By Tom Venuto
Well, here’s the real story of why some people don’t get fat when they drink:
A lot of the confusion is because epidemiological research cannot show cause and effect relationships and mistakes are easily made in drawing associations based on limited data.
With the nature of these longitudinal studies, you have to look at the lifestyle and nature of drinkers in general (or in this study, hard liquor drinkers). Also, the Swedish study focused on older men, so age may have been a factor. You may be more likely to deposit alcohol right on your belly as you get older.
When you hear that alcohol increases belly fat, you also have to look at what else is going on in the life of the drinker, particularly what the rest of a person’s diet looks like, and how alcohol intake affects appetite and eating habits.
Research says that alcohol can mess up your body’s perception of hunger, satiety and fullness. If drinking stimulates additional eating, or adds additional calories that aren’t compensated for and which lead to positive energy balance, then you get fat. You may also get fat in the belly, no thanks to what booze does to hormones.
Another thing that confounds the reports on whether alcohol contributes to weight gain is the fact that the game changes in heavy drinkers. We know that alcohol contains 7.1 calories per gram and these calories always count as part of the energy balance equation… or do they? With chronic excessive alcohol consumption, it’s possible that not all of these calories are available for energy. Due to changes in liver function and something called the microsomal ethanol oxidizing system (MEOS), alcoholism may be a real case of where some calories don’t count. Many alcoholics also skip meals and eat less with increasing alcohol consumption.
Alcohol metabolizing pathways notwithstanding, even if binge drinkers, daily drinkers or heavy drinkers consume most of their calories from alcohol, if they eat very little, and remain in a calorie deficit, they will not get fat. Compound this with the hormonal effects and you witness the skinny, but under-nourished, unhealthy and atrophied alcoholic (even though the heavy drinkers are the ones you’d think most likely to have a beer belly).
It’s the calories that count
The bottom line is, the idea that alcohol just automatically turns into fat or gives you a beer belly is mistaken. It’s true that alcohol suppresses fat oxidation, but mainly, alcohol adds calories into your diet, messes with your hormones and can stimulate appetite, leading to even more calories consumed. That’s where the fat gain comes from.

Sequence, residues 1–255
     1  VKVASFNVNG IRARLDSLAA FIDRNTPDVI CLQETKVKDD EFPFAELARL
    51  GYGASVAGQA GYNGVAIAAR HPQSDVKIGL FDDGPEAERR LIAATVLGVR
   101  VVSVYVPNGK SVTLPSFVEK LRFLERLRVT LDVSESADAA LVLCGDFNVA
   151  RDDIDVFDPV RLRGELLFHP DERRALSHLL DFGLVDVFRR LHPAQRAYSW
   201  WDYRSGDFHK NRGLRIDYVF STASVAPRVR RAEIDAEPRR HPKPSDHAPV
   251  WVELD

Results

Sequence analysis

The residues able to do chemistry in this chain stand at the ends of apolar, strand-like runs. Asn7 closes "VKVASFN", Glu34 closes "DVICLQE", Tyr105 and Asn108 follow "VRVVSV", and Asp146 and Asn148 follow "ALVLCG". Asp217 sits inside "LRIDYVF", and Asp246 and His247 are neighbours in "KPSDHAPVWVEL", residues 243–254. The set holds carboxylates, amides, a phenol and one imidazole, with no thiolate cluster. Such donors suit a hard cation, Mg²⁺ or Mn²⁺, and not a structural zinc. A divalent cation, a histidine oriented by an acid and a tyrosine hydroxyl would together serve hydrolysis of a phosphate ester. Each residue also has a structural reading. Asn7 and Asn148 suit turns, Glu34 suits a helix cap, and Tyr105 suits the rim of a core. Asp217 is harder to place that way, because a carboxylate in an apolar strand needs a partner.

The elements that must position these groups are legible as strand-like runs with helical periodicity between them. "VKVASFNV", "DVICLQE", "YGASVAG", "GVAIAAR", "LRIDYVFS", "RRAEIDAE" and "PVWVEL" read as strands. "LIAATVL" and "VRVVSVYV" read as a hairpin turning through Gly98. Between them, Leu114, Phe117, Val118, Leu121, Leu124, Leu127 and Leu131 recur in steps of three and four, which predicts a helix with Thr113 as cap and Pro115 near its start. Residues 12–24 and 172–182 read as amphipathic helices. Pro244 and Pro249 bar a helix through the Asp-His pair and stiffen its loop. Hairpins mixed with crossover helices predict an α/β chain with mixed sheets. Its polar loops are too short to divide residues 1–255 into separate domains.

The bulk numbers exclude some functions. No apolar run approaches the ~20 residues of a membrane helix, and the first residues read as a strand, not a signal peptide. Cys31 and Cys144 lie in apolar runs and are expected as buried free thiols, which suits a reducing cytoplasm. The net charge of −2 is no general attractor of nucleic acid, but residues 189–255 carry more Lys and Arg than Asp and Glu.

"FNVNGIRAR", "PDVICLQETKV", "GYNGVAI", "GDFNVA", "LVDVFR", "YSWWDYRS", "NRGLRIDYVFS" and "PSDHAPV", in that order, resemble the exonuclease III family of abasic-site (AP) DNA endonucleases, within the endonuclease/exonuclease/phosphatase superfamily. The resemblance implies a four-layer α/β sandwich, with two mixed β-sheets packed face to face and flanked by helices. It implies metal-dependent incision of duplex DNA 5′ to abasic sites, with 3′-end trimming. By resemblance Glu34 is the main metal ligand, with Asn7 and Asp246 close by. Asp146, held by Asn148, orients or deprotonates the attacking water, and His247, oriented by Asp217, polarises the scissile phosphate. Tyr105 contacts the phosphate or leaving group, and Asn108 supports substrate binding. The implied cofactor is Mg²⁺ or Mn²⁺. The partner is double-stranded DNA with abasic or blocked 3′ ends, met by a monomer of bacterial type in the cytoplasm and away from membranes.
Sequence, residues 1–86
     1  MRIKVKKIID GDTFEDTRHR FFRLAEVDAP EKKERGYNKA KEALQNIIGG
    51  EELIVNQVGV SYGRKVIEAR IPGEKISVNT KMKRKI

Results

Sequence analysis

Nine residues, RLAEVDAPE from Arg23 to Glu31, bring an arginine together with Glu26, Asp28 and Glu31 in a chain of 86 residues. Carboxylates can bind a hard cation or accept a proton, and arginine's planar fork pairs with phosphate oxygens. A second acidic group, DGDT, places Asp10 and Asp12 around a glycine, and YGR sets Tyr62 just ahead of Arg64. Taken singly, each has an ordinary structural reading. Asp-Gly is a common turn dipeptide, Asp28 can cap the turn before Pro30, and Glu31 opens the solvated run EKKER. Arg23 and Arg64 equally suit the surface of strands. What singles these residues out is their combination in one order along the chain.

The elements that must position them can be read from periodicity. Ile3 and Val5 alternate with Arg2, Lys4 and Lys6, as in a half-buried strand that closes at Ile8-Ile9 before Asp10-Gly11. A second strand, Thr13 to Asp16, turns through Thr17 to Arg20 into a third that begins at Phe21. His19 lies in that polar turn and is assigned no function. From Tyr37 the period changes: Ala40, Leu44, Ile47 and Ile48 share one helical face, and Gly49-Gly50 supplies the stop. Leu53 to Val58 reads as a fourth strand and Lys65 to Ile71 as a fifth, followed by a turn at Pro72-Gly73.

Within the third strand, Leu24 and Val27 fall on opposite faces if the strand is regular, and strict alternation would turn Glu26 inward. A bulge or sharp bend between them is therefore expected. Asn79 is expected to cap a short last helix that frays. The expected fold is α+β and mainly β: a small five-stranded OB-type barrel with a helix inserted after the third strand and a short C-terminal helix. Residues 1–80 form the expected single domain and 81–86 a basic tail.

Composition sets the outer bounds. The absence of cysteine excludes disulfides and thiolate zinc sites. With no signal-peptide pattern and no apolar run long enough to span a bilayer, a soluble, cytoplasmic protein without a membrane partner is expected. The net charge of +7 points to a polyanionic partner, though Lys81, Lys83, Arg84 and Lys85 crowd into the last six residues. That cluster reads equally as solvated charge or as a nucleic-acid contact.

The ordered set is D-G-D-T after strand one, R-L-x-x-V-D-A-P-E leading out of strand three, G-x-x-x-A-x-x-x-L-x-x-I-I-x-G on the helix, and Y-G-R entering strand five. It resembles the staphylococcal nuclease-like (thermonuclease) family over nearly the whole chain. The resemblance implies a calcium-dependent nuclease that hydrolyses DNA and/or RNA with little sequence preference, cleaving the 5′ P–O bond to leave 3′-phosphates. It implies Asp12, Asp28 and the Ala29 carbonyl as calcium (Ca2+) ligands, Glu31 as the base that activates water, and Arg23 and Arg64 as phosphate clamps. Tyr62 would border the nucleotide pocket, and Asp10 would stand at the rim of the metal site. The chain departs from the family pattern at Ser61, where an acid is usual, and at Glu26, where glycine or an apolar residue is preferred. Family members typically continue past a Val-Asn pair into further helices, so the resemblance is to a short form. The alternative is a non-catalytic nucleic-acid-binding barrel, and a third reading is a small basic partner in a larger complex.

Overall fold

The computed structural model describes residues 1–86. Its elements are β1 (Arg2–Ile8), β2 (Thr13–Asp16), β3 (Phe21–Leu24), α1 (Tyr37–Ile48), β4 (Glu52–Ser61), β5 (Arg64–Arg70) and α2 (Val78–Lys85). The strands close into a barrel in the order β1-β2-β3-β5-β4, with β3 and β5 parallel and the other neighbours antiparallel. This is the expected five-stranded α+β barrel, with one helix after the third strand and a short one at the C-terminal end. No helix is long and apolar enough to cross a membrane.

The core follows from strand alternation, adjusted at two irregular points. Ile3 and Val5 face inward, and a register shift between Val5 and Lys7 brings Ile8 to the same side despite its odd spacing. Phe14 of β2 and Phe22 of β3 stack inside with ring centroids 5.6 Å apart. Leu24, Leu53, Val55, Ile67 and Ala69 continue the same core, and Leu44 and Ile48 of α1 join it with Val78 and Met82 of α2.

If you drink in moderation, if you’re aware of the calories in the alcohol and the calories from additional food intake consumed during or after drinking, and if you compensate accordingly, you won’t get fat.
If a light bulb just went off in your head and you’re saying to yourself, “You mean I can drink and still lose fat? I just need to keep in a calorie deficit?”
Yes, that’s what I mean, but just hold that thought for a minute while you consider that the empty alcohol calories displace the nutrient dense calories:
When you’re on a fat loss program you have a fairly small “calorie budget”, so you need to give some careful thought to how those calories should be “spent.” For example, if a female is on a 1500 calorie per day diet, does she really want to “spend” 500 of those calories – one third of her intake – for a few alcoholic drinks, and leave only 1000 for health-promoting food, fiber and lean muscle building protein?
I realize some people may answer “yes” to that question, but then again, if some people spent their money as frivolously as they spent their calories, they would be in deep trouble!
To summarize this into some practical, take-home advice, here are 7 of my personal tips for alcohol consumption in the fitness lifestyle:
(1) Don’t drink on a fat loss program. Although you could certainly drink and “get away with it” if you diligently maintained your calorie deficit as noted above, it certainly does not help your fat loss cause or your nutritional status.
(2) Drink in moderation during maintenance. For lifelong weight maintenance and a healthy lifestyle, if you drink, do so in moderation and only occasionally, such as on weekends or when you go out to dine in restaurants. Binge drinking and getting drunk has no place in a fitness lifestyle (not to mention hangovers aren’t very conducive to good workouts).
(3) Don’t drink daily. Moderate drinking, including daily drinking, has been associated with cardiovascular health benefits. However, I don’t recommend daily drinking because behaviors repeated daily become habits. Behaviors repeated multiple times daily become strong habits. Habitual drinking may lead to heavier drinking or full-blown addictions and can be hard to stop if you ever need to cut back.
(4) Count the calories. If you decide to have a bottle of beer or a glass of wine or two (or whatever moderation is for you), be sure to account for the alcohol in your daily calorie budget.
(5) Watch your appetite. Don’t let the “munchies” get control of you during or after you drink (Note to chicken wing and nacho-eating men: The correlation to alcohol and body fat is higher in men in almost all the studies. One possible explanation is that men tend to drink and eat, while women may tend to drink instead of eating).
(6) Watch the fatty foods. When drinking, watch the fatty foods in particular. A study by Angelo Tremblay back in 1995 suggested that alcohol and a high fat diet are a combination that favors overfeeding.
(7) Enjoy without guilt. If you choose to drink (moderately and sensibly), then don’t feel guilty about it or beat yourself up afterwards, just enjoy the damn stuff, will you!
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